“Art, like morality, consists in drawing the line somewhere,” the brilliant writer/philosopher G.K. Chesterton noted in the Illustrated London News on May 5, 1928. A line can also be drawn in other aspects of life, even if it doesn’t perfectly fit like a glove.
Here are two recent stories that are completely different, but have one unusual tie-in.
The first tale involves longtime political consultant Roger Stone. He was recently hired as a “Senior Strategic Advisor” by a small, right-leaning party running in the Ontario election. It’s the appropriately named Ontario Party, led by former Conservative MP Derek Sloan.
According to an April 25 press release, Stone was “inspired by the Canadian Truckers Convoy and shocked by the brutal authoritarianism of the Trudeau government to help the people of Ontario throw off the yoke of the Trudeau-Ford regimes.” He also spoke at the party’s candidate convention, and said Premier Doug Ford’s PC Party “has our label, but does not have our principles and there is nothing conservative about them.”
Sloan was pleased about this development. “I’m absolutely thrilled that Roger is joining the campaign,” according to the press release. “I can’t wait to see the amazing effect that Roger’s genius will have on our campaign to take back Ontario.”
This analysis was, to put it as nicely as possible, a mite overenthusiastic.
The Ontario Party is a tiny outfit with minimal public exposure. It has one legislative seat – Rick Nicholls, a former Progressive Conservative MPP. Sloan has only been party leader since last December. Although opinion polls usually lump them together with other small parties, Leger had them at 1 percent and Nanos Research at 1.4 percent on May 8.
The party also has an image problem.
Sloan was booted out of the Conservative caucus in 2021. This was not long after his controversial party leadership campaign, and revelation it had unknowingly accepted a donation from self-described white nationalist Paul Fromm. Then-party leader Erin O’Toole said in Jan. 20, 2021 statement, “The Conservative caucus voted to remove [him] not because of one specific event, but because of a pattern of destructive behaviour involving multiple incidents and disrespect towards the Conservative team for over a year.” Sloan ran in the federal election as an independent candidate in the Alberta riding of Banff-Airdrie, and finished a distant fifth.
Nicholls was booted out of the PC caucus in 2021. A former deputy speaker and veteran of Ontario politics, he refused to get COVID-19 vaccine for personal reasons. This was against party policy, and Ford promptly ejected him. He joined the Ontario Party last December, a week after Sloan became leader.
With respect to Stone, he’s simply a hired gun. Nevertheless, it’s a massive come down for a former political advisor to Republican Presidents like Richard Nixon, Ronald Reagan and Donald Trump. In fairness, his public image has taken a huge beating in recent years. He was arrested on seven criminal charges related to the Muller investigation, and sentenced to 40 months in federal prison. Trump commuted his sentence a few days before he went to jail. Questions remain surrounding his possible role in last year’s storming of the U.S. Capitol as well as millions in unpaid federal taxes.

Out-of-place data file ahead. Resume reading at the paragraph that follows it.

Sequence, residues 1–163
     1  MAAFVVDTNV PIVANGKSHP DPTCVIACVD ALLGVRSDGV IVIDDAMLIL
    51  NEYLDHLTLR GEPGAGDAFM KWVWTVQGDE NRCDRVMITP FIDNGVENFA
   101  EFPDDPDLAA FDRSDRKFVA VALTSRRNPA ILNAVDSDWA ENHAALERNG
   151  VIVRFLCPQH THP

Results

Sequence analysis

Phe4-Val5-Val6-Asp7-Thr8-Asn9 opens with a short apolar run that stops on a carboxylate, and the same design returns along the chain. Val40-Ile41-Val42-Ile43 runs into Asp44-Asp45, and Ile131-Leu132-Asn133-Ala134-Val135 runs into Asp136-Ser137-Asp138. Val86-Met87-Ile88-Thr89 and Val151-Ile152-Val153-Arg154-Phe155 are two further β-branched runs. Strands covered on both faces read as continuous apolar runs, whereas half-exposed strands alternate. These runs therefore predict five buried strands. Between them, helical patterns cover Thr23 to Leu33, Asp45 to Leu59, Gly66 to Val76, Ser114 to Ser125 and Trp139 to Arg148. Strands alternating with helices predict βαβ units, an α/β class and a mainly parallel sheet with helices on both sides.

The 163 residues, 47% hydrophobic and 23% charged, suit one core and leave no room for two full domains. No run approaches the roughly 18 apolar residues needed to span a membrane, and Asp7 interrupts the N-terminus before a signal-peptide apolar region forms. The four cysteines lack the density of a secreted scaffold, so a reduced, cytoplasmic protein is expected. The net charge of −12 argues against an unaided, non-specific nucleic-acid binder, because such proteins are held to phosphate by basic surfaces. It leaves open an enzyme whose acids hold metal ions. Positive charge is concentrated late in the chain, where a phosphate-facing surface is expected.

Stone has no-one to blame but himself for the collapse in his public image and likely inability to get hired by parties that have a real shot of winning seats.
The second tale is Ferdinand “Bongbong” Marcos Jr. becoming the presumptive president-elect of the Philippines.
Marcos, a former Senator and leading figure in the federalist/socialist Partido Federal ng Pilipinas, is the son of former President Ferdinand Marcos. He spent the entire campaign attempting to whitewash his father’s horrible political legacy.
The elder Marcos ran the Philippines like a brutal dictator from 1965-1986. He used corruption and oppression as political tools. He described his leadership as “constitutional authoritarianism.” He and his wife, Imelda, had a lavish lifestyle with the billions of pesos they allegedly stole.
Publications like the Washington Post and New York Times repeatedly attacked Marcos for historical negationism. It had no profound effect on his campaign.
His distorted, twisted view of Filipino political history never led to a significant drop in the polls. He stayed away from all but one presidential debate, which received criticism but didn’t hurt his public support. He linked himself with President Rodrigo Duterte’s policies, which helped maintain his popularity at political rallies.
On May 10, Marcos was announced as the presumptive winner of the presidential election. He currently has 31,311,281 votes, or 59.02 percent. His running mate, Sara Zimmerman Duterte-Carpio, daughter of the outgoing President, also won handily. They’ll assume office shortly.
How do these two stories connect? Stone is an example of how the mighty have fallen, whereas Marcos is an example of how the offspring of the fallen can become mighty.
It’s a creative tie-in, I readily admit. But as Chesterton wrote, you have to draw the line somewhere!
Michael Taube, a long-time newspaper columnist and political commentator, was a speechwriter for former Canadian prime minister Stephen Harper.